If all the pipeline deals, both public and private, materialise, the figure will be bumped up by another S$3.4 billion, bringing the total value of land transactions this year to S$16 billion - a historical record.

    These numbers were compiled from Real Capital Analytics (RCA) by Cushman & Wakefield (C&W) Research.

    The figures did not, however, faze some analysts, who pointed out that the record transaction value was not so much a function of sheer volume as it was the fact that land prices have doubled in the past 10 years.

    Enormous plots of land that changed hands this year, mostly from privatised HUDC sites, further ramped up the numbers.

    CBRE head of research for Singapore and South-east Asia Desmond Sim said: "I am not surprised because land is finite in Singapore. With developers pricing in a future price recovery, there is a slight exuberance in the market, which explains why land transactions in 2017 have been done at higher prices."

    The Interlace (formerly HUDC estate Gillman Heights), for instance, was sold to CapitaLand for S$363 per square foot per plot ratio (psf ppr) in 2007, he noted. Ten years on, Normanton Park nearby was sold to Kingsford Huray Development last month for S$969 psf ppr - a clear indication of how prices have jumped in a decade.

    C&W also did a comparison between land transaction prices in 2017 and other land deals completed in the last few years.

    It found that the average premium paid for the top five residential sites over comparable sites to be 22 per cent in 2017; the premium was even higher for commercial sites - 36 per cent.

    C&W research head Christine Li said: "This does not come at a surprise, as land-starved developers have been ravenous in acquiring well-located choice sites, as investment sentiment has picked up substantially from a year ago."

    Eighteen residential collective-sale projects with a total value of S$6.34 billion have been sold so far this year - the highest in 10 years.

    Ms Li said Singapore's residential and office markets have crossed their inflection points and are headed for an upturn.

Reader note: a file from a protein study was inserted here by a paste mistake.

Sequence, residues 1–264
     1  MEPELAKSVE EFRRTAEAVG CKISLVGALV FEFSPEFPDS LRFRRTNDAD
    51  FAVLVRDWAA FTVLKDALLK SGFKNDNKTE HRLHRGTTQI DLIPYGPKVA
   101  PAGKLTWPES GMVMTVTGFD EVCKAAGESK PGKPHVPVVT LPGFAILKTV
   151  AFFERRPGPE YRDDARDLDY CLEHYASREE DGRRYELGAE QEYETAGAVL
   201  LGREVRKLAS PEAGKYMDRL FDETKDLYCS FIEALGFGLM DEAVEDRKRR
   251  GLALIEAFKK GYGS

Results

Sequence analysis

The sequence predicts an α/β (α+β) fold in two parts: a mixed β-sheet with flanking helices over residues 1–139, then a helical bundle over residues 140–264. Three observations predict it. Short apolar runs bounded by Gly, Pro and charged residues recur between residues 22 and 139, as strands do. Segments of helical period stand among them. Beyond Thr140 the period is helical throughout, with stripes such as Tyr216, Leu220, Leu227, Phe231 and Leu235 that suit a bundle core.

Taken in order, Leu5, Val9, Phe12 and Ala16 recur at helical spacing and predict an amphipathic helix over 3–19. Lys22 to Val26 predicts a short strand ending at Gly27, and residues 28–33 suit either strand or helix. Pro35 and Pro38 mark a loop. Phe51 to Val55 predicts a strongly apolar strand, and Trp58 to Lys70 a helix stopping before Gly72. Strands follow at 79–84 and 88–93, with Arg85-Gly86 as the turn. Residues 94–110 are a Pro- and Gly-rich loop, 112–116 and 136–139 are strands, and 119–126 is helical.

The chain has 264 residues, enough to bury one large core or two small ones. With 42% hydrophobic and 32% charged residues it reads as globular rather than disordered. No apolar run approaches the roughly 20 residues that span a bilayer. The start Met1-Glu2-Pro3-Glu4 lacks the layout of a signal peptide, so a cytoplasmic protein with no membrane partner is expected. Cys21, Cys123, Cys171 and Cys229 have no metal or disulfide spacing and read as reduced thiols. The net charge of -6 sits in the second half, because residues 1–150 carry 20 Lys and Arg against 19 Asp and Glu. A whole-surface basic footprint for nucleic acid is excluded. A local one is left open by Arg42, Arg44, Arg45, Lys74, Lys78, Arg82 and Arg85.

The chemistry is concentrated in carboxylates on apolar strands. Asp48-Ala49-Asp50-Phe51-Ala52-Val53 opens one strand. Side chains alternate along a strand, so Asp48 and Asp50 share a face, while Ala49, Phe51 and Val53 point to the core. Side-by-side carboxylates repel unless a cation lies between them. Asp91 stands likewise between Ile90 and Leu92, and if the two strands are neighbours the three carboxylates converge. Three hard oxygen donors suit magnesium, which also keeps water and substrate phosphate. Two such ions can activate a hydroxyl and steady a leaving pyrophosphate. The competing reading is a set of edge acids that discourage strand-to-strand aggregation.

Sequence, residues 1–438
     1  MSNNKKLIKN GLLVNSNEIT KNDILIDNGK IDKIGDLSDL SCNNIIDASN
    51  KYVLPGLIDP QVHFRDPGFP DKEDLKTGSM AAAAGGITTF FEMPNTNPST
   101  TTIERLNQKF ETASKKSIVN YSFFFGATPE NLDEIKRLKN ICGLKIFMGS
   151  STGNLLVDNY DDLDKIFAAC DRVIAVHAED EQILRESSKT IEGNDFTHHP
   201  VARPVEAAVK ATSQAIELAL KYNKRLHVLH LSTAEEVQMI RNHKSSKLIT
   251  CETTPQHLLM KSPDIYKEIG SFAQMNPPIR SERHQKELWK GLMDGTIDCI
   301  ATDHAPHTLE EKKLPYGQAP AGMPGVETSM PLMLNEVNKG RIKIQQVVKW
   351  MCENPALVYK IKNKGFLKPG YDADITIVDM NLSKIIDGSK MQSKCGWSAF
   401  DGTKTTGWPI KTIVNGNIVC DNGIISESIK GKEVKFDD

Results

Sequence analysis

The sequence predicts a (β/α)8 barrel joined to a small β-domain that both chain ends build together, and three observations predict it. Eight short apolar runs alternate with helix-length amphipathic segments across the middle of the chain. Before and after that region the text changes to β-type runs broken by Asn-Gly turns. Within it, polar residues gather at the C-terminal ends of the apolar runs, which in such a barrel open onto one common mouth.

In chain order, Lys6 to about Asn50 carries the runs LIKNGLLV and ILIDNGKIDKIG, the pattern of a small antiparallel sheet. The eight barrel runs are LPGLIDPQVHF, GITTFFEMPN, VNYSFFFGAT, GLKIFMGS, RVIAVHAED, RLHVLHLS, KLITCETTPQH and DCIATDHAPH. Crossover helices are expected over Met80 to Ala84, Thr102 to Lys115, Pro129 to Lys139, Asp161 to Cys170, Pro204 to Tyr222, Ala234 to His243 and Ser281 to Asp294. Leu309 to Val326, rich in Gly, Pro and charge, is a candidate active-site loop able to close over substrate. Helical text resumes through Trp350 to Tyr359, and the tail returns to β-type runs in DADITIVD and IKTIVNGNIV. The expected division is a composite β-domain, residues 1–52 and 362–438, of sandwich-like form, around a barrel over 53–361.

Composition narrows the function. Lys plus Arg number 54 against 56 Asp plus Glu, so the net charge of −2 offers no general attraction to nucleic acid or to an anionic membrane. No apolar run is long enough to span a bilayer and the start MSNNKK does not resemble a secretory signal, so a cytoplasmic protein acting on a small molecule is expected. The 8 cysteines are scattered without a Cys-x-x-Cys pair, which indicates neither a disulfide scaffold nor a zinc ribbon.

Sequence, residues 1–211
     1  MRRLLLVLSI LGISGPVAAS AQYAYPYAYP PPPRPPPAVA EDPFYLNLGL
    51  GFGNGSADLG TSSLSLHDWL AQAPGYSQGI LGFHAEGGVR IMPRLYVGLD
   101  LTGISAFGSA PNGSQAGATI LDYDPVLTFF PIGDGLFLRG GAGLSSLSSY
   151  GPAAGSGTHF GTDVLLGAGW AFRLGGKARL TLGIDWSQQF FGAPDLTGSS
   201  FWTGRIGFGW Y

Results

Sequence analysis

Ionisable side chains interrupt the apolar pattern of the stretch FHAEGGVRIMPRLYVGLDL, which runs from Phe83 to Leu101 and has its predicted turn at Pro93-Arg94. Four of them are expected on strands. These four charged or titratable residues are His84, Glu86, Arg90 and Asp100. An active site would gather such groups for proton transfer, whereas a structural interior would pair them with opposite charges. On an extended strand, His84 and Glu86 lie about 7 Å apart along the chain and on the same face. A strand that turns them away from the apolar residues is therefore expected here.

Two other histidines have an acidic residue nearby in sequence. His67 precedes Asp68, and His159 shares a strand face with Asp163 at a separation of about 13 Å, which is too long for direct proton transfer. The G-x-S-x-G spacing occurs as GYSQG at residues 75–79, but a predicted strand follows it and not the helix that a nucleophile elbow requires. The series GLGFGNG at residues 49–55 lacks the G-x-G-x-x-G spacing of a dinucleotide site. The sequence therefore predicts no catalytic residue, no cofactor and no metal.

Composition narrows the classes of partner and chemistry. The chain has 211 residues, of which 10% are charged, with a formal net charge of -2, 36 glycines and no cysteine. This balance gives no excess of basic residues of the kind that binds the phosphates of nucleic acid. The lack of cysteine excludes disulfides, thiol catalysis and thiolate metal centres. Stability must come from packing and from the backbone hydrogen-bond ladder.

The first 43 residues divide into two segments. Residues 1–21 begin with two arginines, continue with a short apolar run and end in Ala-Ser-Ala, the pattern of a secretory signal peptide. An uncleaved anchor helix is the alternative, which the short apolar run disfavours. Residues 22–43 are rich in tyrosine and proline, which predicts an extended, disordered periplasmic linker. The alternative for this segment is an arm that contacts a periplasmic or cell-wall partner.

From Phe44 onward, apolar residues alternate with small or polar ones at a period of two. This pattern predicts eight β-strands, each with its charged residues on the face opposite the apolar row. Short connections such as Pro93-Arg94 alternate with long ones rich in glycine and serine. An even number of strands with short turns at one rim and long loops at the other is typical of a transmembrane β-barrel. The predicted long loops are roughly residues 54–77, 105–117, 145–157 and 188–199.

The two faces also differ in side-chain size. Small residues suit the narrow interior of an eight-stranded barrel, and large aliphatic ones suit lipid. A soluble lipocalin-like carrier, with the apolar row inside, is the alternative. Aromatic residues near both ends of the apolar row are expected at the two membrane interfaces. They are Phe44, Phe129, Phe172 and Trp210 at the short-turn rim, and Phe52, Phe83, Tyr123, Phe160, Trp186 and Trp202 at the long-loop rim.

The brighter economic prospects, which bring with them expectations of improvements in office rents and home prices, are motivating developers to source for land sites to ride the wave of growth returning to the property market.

    In C&W's statistics, residential land deals made up about 70 per cent of the total transaction volume in value terms; mixed-use, commercial and industrial made up the rest.

    The seven pending pipeline deals expected to close in what is left of this year include two GLS sites - at Jiak Kim Street and Fourth Avenue - as well as the launched collective sales tenders of Royalville, Mayfair Gardens, Crystal Tower, Cairnhill Mansions and an adjacent site, and Pearl Bank Apartments.

    Commenting on the findings, JLL head of research and consultancy Tay Huey Ying agreed that the land sales market has indeed staged a strong rebound this year, driven largely by the surge in collective sales on the back of developers' hunger for residential development land.

    This is especially so in light of the recovery in home sales and limited state land supply. JLL's research showed CBD Grade-A office rents bottoming out in Q1 this year and recovering 5 per cent by Q3.

    "Given the sharply tapering pipeline supply over the next two years amid steady demand, CBD Grade-A office rents look poised to stay on the growth trajectory over the next two years," she said.